Under Roberts’ definition of “corruption” most of the corrupt activities of the Nixon era would be viewed as completely benign. Though an isolated incident, where a Nixon fundraiser promised that the president would make a donor Ambassador to Trinidad in return for $100,000, would qualify as an explicit “dollars for political favors,” arrangement, politicians who give greater access to their donors are not “corrupt” under McCutcheon and Citizens United unless they offer to exchange votes or similar favors in return for campaign donations. Indeed, even the dairy industry’s $2 million bid for a meeting with President Nixon may not qualify as “corruption,” as Roberts understands the word, because there is some uncertainty as to whether the $2 million donation was “conditioned upon or ‘linked’ to” the President agreeing to make specific changes to the administration’s policies. According to Roberts’ opinion in McCutcheon,
Spending large sums of money in connection with elections, but not in connection with an effort to control the exercise of an officeholder’s official duties, does not give rise to such quid pro quo corruption. Nor does the possibility that an individual who spends large sums may garner “influence over or access to” elected officials or political parties. And because the Government’s interest in preventing the appearance of corruption is equally confined to the appearance of of quid pro quo corruption, the Government may not seek to limit the appearance of mere influence or access.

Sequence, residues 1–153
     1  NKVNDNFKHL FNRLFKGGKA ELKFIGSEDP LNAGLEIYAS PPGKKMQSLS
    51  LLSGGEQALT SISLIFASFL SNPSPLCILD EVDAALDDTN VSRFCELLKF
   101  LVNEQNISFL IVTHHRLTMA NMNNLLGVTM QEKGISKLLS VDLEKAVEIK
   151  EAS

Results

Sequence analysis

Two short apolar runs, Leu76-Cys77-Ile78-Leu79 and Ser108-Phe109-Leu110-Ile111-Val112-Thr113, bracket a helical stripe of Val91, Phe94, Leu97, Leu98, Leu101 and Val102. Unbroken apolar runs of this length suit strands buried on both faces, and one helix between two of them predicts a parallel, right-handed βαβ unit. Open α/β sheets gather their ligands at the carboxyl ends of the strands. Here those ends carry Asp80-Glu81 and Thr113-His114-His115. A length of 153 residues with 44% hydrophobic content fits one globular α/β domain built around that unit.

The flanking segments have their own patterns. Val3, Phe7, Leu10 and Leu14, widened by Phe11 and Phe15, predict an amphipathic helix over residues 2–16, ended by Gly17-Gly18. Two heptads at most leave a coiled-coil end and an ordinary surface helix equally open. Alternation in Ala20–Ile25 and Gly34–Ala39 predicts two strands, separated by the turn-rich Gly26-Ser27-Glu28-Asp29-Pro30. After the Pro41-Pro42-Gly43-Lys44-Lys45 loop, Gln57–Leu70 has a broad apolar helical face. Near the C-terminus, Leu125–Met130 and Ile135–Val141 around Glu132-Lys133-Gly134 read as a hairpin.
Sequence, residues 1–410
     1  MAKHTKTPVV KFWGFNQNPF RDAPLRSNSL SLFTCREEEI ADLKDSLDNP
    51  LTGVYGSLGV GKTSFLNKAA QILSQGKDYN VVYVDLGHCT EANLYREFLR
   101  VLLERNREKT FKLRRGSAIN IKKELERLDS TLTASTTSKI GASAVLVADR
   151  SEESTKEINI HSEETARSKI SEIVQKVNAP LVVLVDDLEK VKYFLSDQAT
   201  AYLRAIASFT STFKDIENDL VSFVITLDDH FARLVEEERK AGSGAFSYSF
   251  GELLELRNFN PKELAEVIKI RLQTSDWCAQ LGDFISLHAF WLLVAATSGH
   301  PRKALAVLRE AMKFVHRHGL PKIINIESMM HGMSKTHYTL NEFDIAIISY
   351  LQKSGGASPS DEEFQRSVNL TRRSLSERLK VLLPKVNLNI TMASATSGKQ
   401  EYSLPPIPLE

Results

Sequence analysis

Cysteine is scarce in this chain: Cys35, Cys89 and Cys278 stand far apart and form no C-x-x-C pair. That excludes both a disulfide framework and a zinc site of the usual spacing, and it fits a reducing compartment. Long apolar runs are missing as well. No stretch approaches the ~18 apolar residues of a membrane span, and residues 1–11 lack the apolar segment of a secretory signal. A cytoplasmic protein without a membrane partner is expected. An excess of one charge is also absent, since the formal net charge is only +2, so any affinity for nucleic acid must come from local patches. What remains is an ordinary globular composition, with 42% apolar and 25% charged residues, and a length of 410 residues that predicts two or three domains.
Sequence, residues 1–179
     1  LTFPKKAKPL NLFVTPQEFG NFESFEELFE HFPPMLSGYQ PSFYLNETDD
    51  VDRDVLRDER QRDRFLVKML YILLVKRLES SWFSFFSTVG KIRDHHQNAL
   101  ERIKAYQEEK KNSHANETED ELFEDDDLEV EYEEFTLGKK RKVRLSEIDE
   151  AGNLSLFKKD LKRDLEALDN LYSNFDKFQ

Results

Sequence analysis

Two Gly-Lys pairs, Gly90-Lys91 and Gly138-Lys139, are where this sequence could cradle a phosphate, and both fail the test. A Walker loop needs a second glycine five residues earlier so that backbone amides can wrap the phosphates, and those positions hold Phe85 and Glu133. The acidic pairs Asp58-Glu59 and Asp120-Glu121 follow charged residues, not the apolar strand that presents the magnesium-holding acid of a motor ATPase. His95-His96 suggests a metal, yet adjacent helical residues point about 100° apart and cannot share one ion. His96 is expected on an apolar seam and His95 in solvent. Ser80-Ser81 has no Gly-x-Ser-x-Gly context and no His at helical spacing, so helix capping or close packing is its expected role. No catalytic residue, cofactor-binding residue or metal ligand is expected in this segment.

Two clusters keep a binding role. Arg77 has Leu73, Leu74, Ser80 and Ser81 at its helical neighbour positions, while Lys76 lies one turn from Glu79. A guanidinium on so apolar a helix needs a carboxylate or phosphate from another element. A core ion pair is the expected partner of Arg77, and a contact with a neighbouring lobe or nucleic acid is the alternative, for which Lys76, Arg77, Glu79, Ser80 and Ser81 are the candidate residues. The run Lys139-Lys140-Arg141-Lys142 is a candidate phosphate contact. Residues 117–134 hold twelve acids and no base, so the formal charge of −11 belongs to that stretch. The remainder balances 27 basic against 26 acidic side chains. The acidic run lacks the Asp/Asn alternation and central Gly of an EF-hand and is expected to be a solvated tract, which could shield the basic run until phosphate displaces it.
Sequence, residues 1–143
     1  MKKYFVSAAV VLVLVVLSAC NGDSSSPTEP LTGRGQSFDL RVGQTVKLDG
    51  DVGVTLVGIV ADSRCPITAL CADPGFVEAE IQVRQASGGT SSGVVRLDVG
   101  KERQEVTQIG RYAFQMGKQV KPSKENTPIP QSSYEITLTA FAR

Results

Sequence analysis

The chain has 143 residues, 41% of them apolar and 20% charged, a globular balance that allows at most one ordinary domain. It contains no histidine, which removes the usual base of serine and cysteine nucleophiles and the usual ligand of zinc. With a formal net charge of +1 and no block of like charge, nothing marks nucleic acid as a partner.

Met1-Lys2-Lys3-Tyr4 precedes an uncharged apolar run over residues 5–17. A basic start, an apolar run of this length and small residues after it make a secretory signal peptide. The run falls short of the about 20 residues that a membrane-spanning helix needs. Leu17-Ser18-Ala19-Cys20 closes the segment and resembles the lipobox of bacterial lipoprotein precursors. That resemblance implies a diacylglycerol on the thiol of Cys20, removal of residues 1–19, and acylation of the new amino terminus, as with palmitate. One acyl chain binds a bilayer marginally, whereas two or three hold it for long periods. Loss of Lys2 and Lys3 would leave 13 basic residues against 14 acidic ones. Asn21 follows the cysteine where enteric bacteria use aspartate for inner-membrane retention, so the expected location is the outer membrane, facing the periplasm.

Very few Americans agree with Roberts’ view of what constitutes corruption. Indeed, a 2012 poll determined that 69 percent of Americans believed that the rule emerging from cases like Citizens United allowing “corporations, unions and people give unlimited money to Super PACs will lead to corruption.” Just 15 percent disagreed.
To put that number in perspective, another poll found that fully 19 percent of Americans believe in “spells or witchcraft” — a full four percentage points more than those who agree with Roberts’ narrow definition of “corruption.”